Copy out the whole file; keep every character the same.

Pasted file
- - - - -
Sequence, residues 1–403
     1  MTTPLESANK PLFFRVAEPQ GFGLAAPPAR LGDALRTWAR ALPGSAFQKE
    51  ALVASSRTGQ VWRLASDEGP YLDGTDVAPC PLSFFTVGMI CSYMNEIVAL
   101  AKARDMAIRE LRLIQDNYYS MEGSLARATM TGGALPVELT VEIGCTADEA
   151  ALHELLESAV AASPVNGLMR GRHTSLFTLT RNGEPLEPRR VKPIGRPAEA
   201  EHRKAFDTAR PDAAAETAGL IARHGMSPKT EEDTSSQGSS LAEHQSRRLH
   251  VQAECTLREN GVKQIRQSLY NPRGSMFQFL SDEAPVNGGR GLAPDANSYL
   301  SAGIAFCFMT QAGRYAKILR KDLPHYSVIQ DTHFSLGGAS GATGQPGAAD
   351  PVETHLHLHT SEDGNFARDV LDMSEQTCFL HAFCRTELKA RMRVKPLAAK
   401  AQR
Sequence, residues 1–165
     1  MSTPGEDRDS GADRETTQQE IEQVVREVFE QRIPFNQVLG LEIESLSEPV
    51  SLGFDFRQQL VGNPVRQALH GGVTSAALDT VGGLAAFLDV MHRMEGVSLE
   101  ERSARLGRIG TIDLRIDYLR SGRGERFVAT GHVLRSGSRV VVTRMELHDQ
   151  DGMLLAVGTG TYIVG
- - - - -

Sequence, residues 1–403
     1  MTTPLESANK PLFFRVAEPQ GFGLAAPPAR LGDALRTWAR ALPGSAFQKE
    51  ALVASSRTGQ VWRLASDEGP YLDGTDVAPC PLSFFTVGMI CSYMNEIVAL
   101  AKARDMAIRE LRLIQDNYYS MEGSLARATM TGGALPVELT VEIGCTADEA
   151  ALHELLESAV AASPVNGLMR GRHTSLFTLT RNGEPLEPRR VKPIGRPAEA
   201  EHRKAFDTAR PDAAAETAGL IARHGMSPKT EEDTSSQGSS LAEHQSRRLH
   251  VQAECTLREN GVKQIRQSLY NPRGSMFQFL SDEAPVNGGR GLAPDANSYL
   301  SAGIAFCFMT QAGRYAKILR KDLPHYSVIQ DTHFSLGGAS GATGQPGAAD
   351  PVETHLHLHT SEDGNFARDV LDMSEQTCFL HAFCRTELKA RMRVKPLAAK
   401  AQR
Sequence, residues 1–165
     1  MSTPGEDRDS GADRETTQQE IEQVVREVFE QRIPFNQVLG LEIESLSEPV
    51  SLGFDFRQQL VGNPVRQALH GGVTSAALDT VGGLAAFLDV MHRMEGVSLE
   101  ERSARLGRIG TIDLRIDYLR SGRGERFVAT GHVLRSGSRV VVTRMELHDQ
   151  DGMLLAVGTG TYIVG